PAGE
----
There was much shock and anger in cabinet at the Senegalese action and even though no explanation had yet been received from the Senegalese side so far, few, if any, of us had any doubts it was linked to The Gambia’s request for a review of the Confederal Agreement provision which had made the presidents of Senegal and The Gambia respectively president and vice president of the confederation without any rotation. We endorsed the action of the president in deploying the men and officers of the infant Gambia National Army and Gendarmerie to replace the Senegalese forces with immediate effect. There was agreement on the need to maintain a high state of alert and for all the cabinet ministers to stay within reach. It was further agreed that the government should issue a statement in other to explain the situation and assure the public. It was a quiet but tense weekend for cabinet ministers. We all missed Friday prayers at the mosque that day.
Thus at 1pm on Saturday August 19th The Gambia Government issued the following statement over Radio Gambia:
“The government of Senegal, without any notification to the government of The Gambia, has decided to withdraw all Senegalese troops serving in the confederal forces stationed in The Gambia. The withdrawal was not carried out at the request of The Gambia government.
The government of The Gambia has taken the necessary and appropriate steps, including the immediate replacement of all Senegalese army and gendarmerie personnel by Gambians, to ensure that the withdrawal of the Senegalese troops does not create any security void in the country”.
While there was undoubtedly justification in The Gambia’s request for a review of the arrangement regarding Presidency of the Confederation, with hindsight it is reasonable to see that the timing of it – when Senegal was besieged and embattled on several fronts – may have been inappropriate.
The decision to deploy Gambia National Army personnel to take over from the Senegalese as well as what was generally perceived as shabby treatment by Senegal aroused nationalist sentiment. Sir Dawda’s first public appearance after the announcement – while on his way from Banjul to his Yundum farm escorted by excited and enthusiastic Gambia military motorcycle outriders – was spontaneously and well received all along the highway by cheering multitudes.
Meanwhile, the tension between Mauritania and Senegal escalated. On August 21st Senegal severed diplomatic relations with Mauritania. Tuesday August 22nd was a busy day. The Foreign Minister of Mauritania arrived at 8.50am as a special envoy of his president to Sir Dawda. He was received by LK Jabang, Minister of Foreign Affairs who attended his audience with the president.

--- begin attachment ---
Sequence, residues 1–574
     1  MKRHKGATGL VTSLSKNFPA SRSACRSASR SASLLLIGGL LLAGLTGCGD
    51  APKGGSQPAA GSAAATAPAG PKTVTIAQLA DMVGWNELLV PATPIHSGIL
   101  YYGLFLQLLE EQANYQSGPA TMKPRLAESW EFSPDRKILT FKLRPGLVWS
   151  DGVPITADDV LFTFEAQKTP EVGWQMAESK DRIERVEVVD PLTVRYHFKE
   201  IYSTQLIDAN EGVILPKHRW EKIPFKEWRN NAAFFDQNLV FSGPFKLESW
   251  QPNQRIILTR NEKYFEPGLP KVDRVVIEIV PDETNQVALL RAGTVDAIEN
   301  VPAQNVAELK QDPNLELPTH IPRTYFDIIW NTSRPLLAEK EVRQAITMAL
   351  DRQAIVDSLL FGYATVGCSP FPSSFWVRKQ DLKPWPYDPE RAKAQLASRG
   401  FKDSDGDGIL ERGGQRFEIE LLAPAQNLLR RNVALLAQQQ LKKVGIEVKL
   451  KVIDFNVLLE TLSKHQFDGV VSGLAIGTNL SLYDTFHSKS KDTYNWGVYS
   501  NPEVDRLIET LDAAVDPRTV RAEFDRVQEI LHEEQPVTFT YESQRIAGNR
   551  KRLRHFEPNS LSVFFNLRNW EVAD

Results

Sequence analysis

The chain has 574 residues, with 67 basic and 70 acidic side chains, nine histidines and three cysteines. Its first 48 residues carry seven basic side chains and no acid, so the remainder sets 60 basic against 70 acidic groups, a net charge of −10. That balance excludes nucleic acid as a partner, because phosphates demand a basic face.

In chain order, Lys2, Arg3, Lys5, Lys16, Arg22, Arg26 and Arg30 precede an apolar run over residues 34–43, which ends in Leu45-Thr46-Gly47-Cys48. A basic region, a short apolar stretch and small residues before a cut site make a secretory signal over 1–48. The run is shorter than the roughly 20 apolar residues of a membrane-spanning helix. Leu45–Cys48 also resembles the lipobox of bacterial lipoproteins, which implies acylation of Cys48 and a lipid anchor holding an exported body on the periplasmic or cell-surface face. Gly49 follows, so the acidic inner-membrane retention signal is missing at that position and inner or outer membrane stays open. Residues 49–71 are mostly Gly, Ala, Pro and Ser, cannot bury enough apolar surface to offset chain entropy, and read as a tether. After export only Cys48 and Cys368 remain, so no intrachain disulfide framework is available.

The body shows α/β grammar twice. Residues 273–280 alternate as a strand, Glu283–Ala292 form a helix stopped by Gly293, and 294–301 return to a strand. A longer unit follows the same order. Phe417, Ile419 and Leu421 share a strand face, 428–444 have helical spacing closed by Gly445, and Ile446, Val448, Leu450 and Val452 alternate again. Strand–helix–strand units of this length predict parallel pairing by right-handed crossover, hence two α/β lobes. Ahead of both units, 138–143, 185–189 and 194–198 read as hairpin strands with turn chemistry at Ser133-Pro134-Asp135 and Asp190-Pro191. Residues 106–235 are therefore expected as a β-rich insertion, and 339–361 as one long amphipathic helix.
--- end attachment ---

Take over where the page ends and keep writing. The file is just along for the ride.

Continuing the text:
Mr Medoune Fall, the Senegalese Minister of Defence and special envoy of President Abdou Diouf, followed soon thereafter to be received by Sir Dawda with LK Jabang, Abdou Janha and myself in attendance. Later in the evening the following press release was issued by The Gambia government.
“His Excellency the President today received Mr Medoune Fall, Minister of Defence of the Republic of Senegal as a special envoy of President Abdou Diouf. The minister came specifically to deliver a message from President Abdou Diouf with respect to the redeployment of Senegalese troops who formed part of the confederal command stationed in The Gambia. The minister also expressed his regret to His Excellency for the confusion caused by the precipitate instructions given to the gendarmerie to withdraw before he could deliver his message as a special envoy of President Abdou Diouf. The minister explained the circumstances which led his government to withdraw the Senegalese troops and the explanations given were fully accepted by the Gambian President Alhaji Sir Dawda Jawara.
The minister also conveyed a message from President Abdou Diouf which in effect underscores the very special and privileged relationships that exists between Senegal and The Gambia and the necessity for The Gambia and Senegal to always work towards maintaining the special relationship. In this respect, the two countries have recognised that the circumstances which led to the creation of the Senegambia Confederation have changed and the two governments in the very near future should reflect on the objective of the confederation and work out new structures which would be based on a consensus and the new realities of the day. What is important in this process is that the process of consultations between the two governments will as usual be based on the very privileged relations that the two countries enjoy.